PORT TOWNSEND — “Stay strong.” “Be who you are.” “You are not alone.”
These are a few of the “Signs of Hope,” hand-painted messages posted on and around Port Townsend’s public schools.
The words are plain and powerful. On the hillside just outside Port Townsend High School, a solar-yellow sign reads “Be the light,” as poet Amanda Gorman wrote in her Inauguration Day work, “The Hill We Climb.”
Out in front of Blue Heron Middle School, another sign simply states: “You are loved.”
These signs are “for all the kids in our community,” said school district Superintendent Sandy Gessner-Crabtree, who came up with the idea.
Working with the school maintenance crew, art teachers, school counselors and youngsters across three campuses, the superintendent had 30 signs of hope installed at Salish Coast Elementary, Blue Heron and the high school.
The project took much longer than Gessner-Crabtree thought it would, but she persisted, determined to “share the hope,” as she put it.
“Last fall, when we were about ready to enter the time change, we were really worried about the kids. I care deeply about their emotional safety,” she said, adding her office had gotten reports of students who were struggling.
“What’s it going to be like when it’s dark most of the day?” Gessner-Crabtree wondered.
The art teachers — Michele Soderstrom at the high school, Christie Boyd at the middle school and Wanda Leclerc at Salish Coast — took a different approach with painting the signs, while all sport vibrant colors: purple, red, gold, cobalt blue.
Leclerc collaborated with volunteers to paint the signs arrayed at her school while Soderstrom worked with students who came to the art room for support.
“Some signs have layers of work from three different students,” Soderstrom said.
After months of planning and construction, the Signs of Hope appeared in February at the front of each campus and along the edges.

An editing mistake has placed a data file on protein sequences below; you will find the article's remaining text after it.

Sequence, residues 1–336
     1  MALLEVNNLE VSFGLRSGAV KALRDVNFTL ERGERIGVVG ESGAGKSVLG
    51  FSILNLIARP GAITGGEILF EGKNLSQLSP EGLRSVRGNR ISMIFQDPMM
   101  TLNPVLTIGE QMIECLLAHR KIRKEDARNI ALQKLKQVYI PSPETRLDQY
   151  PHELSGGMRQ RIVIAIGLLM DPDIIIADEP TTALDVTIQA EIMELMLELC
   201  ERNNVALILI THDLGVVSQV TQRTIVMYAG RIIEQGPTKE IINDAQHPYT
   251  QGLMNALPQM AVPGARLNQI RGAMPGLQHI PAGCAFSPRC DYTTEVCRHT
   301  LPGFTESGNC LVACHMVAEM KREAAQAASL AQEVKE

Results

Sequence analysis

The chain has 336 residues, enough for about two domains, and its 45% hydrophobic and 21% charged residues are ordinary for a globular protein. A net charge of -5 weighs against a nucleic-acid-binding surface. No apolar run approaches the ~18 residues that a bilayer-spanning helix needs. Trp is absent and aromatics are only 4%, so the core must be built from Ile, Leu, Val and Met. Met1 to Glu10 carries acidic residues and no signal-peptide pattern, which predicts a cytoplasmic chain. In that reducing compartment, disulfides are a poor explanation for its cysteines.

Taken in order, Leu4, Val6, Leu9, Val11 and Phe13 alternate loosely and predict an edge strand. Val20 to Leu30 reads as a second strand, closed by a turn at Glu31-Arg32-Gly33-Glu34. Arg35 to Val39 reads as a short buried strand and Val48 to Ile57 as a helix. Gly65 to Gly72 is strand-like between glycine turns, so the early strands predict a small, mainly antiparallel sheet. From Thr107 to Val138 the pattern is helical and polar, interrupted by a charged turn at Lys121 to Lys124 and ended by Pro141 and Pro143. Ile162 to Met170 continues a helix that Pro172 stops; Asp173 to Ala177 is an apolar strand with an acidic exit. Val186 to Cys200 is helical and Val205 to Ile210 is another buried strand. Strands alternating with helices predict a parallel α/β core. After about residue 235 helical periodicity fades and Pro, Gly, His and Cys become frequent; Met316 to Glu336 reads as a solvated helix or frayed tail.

Their messages can be seen on the streets bordering the high school, in keeping with Gessner-Crabtree’s desire to communicate with any youth who might need a lift.
“It’s a very grassroots effort to inspire our kids — all kids throughout the city,” she said.
“We’re going to get through this. It’ll be hard, but we will get through.”
Gessner-Crabtree saluted the school district’s “fabulous maintenance crew” as well. The trio who built, primed and installed the signs are Justin Gray, Shane Trammell and Andy Kithcart.
Their work will stand, the superintendent said, throughout the school year and into the summer.
Back at Soderstrom’s classroom — the high school’s mural-covered standalone building — teenagers continue to paint, sketch, sculpt and contend with the pandemic.
Throughout April, youngsters from Port Townsend High, Blue Heron and Salish Coast Elementary went to work on Art Wave, the annual public art exhibition in Port Townsend’s historic Uptown and downtown districts.
In this collaboration with the Main Street Program, scores of original works will adorn storefronts and businesses during the month of May.
“Art is a good way to express things,” student Silas Cotton, 14, said when asked about his work on the Signs of Hope.
His classmate Khileigh Tindall, also 14, added that artmaking works for her when she’s feeling angry — at herself or at the world.
And if she could choose a couple of messages for signs to put up on campus, they would say “Be respectful” and “Stop bullying.”
Jefferson County senior reporter Diane Urbani de la Paz can be reached at 360-417-3509 or [email protected] news.com.